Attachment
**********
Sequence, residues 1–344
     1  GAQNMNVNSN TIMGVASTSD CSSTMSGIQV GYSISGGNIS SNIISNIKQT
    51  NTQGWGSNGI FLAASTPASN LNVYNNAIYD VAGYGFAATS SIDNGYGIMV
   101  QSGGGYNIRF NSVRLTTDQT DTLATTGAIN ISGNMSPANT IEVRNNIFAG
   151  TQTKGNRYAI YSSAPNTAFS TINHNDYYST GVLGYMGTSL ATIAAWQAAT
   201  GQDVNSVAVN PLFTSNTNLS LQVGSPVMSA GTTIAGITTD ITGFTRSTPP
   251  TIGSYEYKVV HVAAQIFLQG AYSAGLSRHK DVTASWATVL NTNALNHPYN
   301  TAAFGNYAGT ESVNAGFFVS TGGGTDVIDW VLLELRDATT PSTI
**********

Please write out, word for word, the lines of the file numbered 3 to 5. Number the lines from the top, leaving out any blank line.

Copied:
    51  NTQGWGSNGI FLAASTPASN LNVYNNAIYD VAGYGFAATS SIDNGYGIMV
   101  QSGGGYNIRF NSVRLTTDQT DTLATTGAIN ISGNMSPANT IEVRNNIFAG
   151  TQTKGNRYAI YSSAPNTAFS TINHNDYYST GVLGYMGTSL ATIAAWQAAT